I see it in the work of people like Rabbi Ron Kronish and Issa Jabber, the mayor of Abu Gosh, a small Palestinian village near Jerusalem, who for years have been promoting inter-religious dialogue between Palestinians and Jews in the Holy Land as a form of peace building. They are helping to build bridges between two peoples, instead of walls.
One thing I do know, the walls have to come down, between towns and between individuals. There is no other way to be a neighbor. It’s amazing how fear can evaporate once you get to know someone face to face.
One afternoon, while visiting the Disciples Greek Orthodox Church near Capernaum, a men’s seminary choir arrived from St. Petersburg to sing evening vespers. We stood there, transfixed, some of us moved to tears, enveloped by the sound of their glorious voices. It was the most spiritual experience I had the entire month.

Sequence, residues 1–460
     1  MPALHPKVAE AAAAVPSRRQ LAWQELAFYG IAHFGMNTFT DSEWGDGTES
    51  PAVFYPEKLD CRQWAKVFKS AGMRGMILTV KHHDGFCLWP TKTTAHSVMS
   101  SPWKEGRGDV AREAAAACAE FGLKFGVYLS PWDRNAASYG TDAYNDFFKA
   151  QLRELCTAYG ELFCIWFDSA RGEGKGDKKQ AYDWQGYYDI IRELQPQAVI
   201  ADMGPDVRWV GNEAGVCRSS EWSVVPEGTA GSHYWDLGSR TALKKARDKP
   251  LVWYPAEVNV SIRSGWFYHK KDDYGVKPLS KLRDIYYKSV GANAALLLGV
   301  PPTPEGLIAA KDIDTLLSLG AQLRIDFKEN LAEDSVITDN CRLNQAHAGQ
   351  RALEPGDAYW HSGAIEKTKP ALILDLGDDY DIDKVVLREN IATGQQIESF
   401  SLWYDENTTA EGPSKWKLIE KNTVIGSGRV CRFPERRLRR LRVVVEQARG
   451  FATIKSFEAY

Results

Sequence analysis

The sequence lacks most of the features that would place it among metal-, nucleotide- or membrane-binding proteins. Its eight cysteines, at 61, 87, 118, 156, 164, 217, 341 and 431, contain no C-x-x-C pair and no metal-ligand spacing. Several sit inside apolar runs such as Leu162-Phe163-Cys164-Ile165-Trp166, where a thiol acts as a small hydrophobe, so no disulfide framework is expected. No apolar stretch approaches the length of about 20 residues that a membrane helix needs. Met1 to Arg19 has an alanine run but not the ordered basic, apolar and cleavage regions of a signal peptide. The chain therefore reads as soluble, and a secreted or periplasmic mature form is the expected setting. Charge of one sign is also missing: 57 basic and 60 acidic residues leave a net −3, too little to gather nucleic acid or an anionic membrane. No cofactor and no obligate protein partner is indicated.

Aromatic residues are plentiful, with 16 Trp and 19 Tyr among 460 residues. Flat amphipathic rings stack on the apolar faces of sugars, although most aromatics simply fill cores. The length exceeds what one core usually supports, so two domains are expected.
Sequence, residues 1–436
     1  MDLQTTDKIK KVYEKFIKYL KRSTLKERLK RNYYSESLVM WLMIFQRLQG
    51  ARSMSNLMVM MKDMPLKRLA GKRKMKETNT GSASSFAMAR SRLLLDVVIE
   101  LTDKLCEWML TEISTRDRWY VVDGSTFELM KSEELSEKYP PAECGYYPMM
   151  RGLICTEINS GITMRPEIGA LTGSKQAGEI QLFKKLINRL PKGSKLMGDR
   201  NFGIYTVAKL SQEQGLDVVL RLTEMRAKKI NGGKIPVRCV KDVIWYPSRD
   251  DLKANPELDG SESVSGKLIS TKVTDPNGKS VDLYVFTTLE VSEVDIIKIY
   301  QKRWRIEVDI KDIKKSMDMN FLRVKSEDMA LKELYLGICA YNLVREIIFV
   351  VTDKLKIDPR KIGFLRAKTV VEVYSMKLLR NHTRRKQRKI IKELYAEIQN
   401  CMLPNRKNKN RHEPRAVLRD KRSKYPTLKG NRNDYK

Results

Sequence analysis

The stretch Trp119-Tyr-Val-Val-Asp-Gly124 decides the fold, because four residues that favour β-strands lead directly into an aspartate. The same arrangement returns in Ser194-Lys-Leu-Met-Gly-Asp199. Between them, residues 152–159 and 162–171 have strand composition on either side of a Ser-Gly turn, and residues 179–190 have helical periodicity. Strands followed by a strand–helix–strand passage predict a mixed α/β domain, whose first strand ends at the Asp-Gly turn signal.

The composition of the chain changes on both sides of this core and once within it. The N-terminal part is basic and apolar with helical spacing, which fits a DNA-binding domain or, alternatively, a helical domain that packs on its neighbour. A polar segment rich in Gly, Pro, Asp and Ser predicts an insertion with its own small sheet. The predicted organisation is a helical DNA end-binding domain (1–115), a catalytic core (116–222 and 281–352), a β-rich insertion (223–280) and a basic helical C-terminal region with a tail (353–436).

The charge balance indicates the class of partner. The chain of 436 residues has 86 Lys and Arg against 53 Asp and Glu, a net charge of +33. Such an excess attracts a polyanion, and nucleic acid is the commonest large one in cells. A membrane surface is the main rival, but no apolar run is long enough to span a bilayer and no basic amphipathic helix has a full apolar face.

Afterwards I thought about how, when I was a child during the cold war, the Soviet Union was called the evil empire. These men were not alive then, but if they had been, their choir could not have existed. Here they were, transporting us to a little bit of heaven halfway across the world. It gives me hope that change for the good can happen - that walls can come down.
It also made me aware that even in this divided and divisive country, filled with injustices against humanity, God is still present. One can rise above it all and experience the divine.
This week I couldn’t help but think about the walls we are erecting in this country;
gated communities that separate the 1% from the rest of us;
the walls our government has built across our southern border to keep our neighbors from crossing over in search of a better life and livelihood;
the invisible walls built out of anger, fear and prejudice, or a sense of privilege and righteousness, walls that prevent us from getting to know our neighbors who may look or sound different, have a different sexual orientation, or practice a different faith tradition;